Thursday, October 06, 2005

The Blogosphere as a Carnival of Ideas

In "The Blogosphere as a Carnival of Ideas" (, Henry Farrell describes how and why academics are using blogs, noting along the way how they differ from some forms of traditional scholarly publishing, but recall other forms.

Of note and use are some of the links to blogs referenced in the piece, and for me, this observation and prediction:
Why are so many academics beginning to blog? Academic blogs offer the kind of intellectual excitement and engagement that attracted many scholars to the academic life in the first place, but which often get lost in the hustle to secure positions, grants, and disciplinary recognition. Properly considered, the blogosphere represents the closest equivalent to the Republic of Letters that we have today. Academic blogs, like their 18th-century equivalent, are rife with feuds, displays of spleen, crotchets, fads, and nonsenses. As in the blogosphere more generally, there is a lot of dross. However, academic blogs also provide a carnival of ideas, a lively and exciting interchange of argument and debate that makes many scholarly conversations seem drab and desiccated in comparison. Over the next 10 years, blogs and bloglike forms of exchange are likely to transform how we think of ourselves as scholars. While blogging won't replace academic publishing, it builds a space for serious conversation around and between the more considered articles and monographs that we write.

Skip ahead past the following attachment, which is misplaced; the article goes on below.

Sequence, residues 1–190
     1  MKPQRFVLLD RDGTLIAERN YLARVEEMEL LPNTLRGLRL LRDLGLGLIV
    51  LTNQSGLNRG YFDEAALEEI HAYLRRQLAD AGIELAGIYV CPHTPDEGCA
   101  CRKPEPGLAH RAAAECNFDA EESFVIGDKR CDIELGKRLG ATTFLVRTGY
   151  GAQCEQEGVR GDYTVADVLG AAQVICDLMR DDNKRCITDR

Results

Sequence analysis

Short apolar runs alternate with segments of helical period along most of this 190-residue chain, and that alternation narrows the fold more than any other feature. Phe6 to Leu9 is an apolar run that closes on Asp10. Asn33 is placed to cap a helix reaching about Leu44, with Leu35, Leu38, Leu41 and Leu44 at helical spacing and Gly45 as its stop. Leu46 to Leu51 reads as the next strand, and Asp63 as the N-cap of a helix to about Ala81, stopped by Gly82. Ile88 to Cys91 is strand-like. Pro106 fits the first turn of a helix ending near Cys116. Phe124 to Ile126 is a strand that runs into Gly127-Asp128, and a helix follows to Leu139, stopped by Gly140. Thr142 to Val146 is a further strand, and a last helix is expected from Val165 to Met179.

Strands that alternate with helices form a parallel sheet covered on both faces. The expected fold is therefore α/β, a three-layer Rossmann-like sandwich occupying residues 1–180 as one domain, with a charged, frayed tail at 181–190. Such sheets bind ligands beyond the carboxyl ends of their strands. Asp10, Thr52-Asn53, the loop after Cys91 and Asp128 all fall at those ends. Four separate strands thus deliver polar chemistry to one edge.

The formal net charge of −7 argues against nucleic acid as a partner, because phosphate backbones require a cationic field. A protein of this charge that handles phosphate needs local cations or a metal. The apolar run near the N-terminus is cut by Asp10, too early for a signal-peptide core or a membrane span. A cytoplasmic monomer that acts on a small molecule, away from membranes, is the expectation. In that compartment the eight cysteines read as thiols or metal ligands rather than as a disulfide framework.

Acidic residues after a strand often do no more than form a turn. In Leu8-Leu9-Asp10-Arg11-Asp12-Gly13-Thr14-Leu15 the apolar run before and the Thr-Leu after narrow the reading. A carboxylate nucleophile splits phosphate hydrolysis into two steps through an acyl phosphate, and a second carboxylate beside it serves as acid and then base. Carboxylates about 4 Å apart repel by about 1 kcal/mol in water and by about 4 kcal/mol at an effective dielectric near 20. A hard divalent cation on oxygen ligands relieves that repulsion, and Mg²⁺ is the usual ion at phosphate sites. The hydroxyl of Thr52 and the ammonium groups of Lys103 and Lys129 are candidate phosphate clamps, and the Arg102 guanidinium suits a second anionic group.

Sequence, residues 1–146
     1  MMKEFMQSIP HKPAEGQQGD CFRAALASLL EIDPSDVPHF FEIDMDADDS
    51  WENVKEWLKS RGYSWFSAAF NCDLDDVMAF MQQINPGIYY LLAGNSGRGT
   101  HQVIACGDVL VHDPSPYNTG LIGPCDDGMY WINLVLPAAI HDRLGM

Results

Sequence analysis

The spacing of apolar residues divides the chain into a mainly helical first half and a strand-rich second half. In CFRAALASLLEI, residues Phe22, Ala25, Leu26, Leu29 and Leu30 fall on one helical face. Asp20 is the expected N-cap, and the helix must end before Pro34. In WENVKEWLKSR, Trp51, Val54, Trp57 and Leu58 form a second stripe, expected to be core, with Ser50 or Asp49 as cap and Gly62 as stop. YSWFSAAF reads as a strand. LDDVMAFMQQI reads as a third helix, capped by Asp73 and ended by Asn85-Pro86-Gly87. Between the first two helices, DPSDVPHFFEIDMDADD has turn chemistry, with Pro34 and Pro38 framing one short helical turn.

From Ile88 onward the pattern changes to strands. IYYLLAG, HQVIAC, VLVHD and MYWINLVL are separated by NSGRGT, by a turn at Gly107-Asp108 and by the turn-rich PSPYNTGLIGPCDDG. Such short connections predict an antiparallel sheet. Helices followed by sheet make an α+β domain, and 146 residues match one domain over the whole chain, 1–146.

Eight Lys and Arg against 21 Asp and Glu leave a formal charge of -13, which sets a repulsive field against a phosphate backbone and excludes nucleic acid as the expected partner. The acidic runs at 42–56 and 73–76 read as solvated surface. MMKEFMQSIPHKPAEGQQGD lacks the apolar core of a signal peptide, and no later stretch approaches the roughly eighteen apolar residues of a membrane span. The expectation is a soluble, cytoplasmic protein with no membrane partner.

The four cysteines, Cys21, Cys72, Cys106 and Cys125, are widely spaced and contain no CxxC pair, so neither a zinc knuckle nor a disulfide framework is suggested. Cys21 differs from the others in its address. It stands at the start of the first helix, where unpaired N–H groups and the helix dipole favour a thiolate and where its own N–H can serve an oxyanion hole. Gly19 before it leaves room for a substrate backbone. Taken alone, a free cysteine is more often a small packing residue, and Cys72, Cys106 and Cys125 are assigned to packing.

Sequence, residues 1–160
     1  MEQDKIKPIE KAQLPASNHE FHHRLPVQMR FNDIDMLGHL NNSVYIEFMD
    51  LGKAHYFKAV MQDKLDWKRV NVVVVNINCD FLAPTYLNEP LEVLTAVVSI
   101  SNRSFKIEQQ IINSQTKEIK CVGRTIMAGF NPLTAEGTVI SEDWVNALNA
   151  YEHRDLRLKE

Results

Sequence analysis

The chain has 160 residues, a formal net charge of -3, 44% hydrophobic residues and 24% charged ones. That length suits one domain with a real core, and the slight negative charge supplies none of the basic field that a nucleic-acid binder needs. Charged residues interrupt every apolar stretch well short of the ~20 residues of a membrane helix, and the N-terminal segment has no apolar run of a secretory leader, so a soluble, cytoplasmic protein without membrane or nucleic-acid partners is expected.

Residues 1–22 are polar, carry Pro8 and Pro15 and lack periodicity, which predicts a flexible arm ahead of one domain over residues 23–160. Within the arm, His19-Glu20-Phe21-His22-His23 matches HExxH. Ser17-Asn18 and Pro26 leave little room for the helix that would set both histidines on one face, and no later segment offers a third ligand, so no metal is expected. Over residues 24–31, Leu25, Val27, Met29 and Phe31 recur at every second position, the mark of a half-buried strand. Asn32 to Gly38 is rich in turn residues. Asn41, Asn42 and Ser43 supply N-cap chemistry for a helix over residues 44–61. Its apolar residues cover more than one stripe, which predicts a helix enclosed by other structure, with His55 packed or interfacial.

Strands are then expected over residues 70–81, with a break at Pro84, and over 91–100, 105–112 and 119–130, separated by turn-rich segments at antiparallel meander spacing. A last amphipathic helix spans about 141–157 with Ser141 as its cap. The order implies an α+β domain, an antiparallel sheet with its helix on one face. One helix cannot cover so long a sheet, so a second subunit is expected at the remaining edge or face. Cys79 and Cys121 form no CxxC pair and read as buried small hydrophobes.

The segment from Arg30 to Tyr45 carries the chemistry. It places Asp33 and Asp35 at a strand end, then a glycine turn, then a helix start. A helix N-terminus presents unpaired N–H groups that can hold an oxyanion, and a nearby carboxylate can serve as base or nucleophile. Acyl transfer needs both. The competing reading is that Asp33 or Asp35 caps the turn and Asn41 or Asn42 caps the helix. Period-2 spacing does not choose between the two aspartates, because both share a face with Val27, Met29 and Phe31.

This makes sense to me.

Now it is possible, as Into the Blogosphere ( demonstrates, for a blog to be made up of longer more considered posts. Into the Blogosphere uses blog technology to deliver a collection of essays on blogging; it was a conscious attempt to not do that collection as a printed book, which would have been the usual route. The essays were called for, submitted, reviewed, revised, and edited with the same academic rigor that an academic press publication would have demanded. But instead of the editors seeking a press and trying to line up a contract, and instead of contributors waiting for their pieces to come out in the book, the work went right to the blog.

There are always exceptions and you'll continue to see experiments and variations, but Farrell's observations about how blogs are generally used by academics remains correct. And so too, I think, will his predictions pan out. Other things will happen too, which makes the use of blogs all the more interesting.


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